Americans are expressing their highest levels of pessimism regarding the housing market and the economy in general, according to Fannie Mae's August National Housing Survey.
More than three quarters of those surveyed (78%) said they believe the economy is on the wrong track, up from 70% in July, while 27% said they expect housing prices to decline and 22% think their financial situation will worsen over the next 12 months; for those last two points, Fannie Mae said that is the highest level of pessimism seen since August 2010.
On average, Americans expect home prices to decline over the next year by 0.5%, compared with an expected 0.3% decline in the July survey.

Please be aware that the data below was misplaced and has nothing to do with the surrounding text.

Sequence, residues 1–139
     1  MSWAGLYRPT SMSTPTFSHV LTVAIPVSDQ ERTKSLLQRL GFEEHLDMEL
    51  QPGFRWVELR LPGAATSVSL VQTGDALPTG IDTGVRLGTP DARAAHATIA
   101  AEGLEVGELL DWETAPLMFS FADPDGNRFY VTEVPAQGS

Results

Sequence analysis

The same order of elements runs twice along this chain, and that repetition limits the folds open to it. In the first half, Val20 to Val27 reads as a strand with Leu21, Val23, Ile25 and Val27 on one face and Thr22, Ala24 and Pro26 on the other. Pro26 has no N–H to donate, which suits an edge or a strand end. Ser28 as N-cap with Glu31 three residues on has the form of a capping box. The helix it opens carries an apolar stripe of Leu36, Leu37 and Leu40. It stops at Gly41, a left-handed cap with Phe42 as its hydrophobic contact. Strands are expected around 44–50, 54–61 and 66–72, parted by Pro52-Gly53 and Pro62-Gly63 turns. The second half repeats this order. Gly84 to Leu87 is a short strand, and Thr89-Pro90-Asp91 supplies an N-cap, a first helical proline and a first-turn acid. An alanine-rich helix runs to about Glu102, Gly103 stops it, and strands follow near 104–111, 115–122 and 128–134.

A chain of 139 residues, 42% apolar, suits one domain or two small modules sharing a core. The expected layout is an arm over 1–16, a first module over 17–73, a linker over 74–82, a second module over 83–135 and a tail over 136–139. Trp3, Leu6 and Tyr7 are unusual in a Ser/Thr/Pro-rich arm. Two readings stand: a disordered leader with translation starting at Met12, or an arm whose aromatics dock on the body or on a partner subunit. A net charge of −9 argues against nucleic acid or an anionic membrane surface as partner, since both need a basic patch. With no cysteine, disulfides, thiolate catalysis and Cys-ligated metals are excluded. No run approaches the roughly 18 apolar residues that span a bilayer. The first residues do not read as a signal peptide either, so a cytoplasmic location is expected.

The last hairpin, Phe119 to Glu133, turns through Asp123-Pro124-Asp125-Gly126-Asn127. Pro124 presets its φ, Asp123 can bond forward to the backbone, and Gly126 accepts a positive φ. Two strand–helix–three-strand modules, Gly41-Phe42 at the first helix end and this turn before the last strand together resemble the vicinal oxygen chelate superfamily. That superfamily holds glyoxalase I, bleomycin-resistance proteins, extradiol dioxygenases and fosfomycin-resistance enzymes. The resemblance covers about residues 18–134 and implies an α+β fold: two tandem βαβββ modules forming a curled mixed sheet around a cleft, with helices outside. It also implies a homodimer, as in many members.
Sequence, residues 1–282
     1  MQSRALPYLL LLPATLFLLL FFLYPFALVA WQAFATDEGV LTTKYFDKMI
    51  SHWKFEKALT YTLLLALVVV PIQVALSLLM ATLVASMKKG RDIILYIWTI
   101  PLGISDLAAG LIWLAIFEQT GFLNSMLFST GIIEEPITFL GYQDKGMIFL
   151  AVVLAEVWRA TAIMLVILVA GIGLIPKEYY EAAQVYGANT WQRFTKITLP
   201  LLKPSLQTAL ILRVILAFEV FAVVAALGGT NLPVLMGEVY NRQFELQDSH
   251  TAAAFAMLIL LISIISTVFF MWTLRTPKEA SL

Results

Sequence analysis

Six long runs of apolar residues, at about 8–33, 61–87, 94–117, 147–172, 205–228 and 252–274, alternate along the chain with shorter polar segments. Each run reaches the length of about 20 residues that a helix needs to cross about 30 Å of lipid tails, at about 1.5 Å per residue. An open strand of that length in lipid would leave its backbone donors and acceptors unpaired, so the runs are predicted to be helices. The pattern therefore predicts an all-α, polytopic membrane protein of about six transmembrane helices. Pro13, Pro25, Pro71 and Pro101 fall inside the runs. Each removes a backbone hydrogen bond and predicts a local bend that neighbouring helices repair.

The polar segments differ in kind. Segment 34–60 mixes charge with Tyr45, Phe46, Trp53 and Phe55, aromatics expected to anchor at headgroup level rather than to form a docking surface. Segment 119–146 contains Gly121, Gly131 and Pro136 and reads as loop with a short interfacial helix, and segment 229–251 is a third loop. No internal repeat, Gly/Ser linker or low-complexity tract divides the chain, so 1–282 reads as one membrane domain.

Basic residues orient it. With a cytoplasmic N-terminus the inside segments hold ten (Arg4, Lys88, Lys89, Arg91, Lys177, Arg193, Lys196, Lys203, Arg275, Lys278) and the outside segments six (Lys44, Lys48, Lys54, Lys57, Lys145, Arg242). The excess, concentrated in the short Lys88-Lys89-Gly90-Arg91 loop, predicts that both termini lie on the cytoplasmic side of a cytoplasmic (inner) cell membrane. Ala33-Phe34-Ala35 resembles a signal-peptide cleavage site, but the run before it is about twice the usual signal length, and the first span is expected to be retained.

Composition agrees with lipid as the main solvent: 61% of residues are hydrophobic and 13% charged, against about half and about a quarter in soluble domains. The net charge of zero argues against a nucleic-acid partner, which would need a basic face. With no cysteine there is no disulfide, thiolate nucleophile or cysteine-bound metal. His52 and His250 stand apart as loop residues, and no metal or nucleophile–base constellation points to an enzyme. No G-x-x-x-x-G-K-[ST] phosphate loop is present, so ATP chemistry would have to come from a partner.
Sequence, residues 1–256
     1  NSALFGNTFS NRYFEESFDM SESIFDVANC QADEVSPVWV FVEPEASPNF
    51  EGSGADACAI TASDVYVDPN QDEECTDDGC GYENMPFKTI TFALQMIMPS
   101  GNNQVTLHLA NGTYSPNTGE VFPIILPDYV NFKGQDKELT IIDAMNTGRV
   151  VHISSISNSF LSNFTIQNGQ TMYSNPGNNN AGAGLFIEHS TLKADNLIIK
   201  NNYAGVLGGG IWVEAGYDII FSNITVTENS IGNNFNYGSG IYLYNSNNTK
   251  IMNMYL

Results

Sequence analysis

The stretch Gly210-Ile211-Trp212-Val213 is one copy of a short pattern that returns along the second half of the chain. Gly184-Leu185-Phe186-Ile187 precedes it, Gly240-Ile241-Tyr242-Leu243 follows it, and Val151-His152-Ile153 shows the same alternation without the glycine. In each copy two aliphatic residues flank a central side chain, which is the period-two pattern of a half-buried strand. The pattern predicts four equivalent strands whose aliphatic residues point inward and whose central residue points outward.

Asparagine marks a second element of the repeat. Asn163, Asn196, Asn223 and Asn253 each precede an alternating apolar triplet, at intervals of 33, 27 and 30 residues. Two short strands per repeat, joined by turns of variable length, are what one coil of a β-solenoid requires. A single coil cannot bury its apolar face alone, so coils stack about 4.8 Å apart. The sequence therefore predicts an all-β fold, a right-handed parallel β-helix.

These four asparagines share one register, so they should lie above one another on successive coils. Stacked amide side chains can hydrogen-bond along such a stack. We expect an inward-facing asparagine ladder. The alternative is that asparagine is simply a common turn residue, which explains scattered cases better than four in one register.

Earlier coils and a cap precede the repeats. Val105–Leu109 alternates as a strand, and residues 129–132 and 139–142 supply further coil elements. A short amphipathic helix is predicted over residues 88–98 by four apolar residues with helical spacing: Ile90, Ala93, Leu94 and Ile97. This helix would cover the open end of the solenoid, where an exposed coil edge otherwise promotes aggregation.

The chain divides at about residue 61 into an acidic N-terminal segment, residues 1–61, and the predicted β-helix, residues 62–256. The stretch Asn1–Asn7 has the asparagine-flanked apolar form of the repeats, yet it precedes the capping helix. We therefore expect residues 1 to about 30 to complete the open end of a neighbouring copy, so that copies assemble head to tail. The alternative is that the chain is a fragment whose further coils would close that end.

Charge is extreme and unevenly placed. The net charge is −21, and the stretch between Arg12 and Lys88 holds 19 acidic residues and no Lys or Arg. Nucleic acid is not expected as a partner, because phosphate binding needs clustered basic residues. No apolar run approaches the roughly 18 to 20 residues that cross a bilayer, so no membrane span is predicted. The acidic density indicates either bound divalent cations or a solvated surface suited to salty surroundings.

While 69% believe it is a good time to buy a home (up three percentage points from the previous month), only 9% said it is a good time to sell.
"The degree to which consumer attitudes appear to be sensitive to global events is interesting, and seems to be reflected in their view of the economy and their growing overall pessimism," said Doug Duncan, vice president and chief economist of Fannie Mae. "I believe the public was looking at the U.S. debt, deficit, and the ensuing political struggle with one eye, and looking at Europe and their sovereign debt issues with the other eye, and saying: 'This is not what we want.'"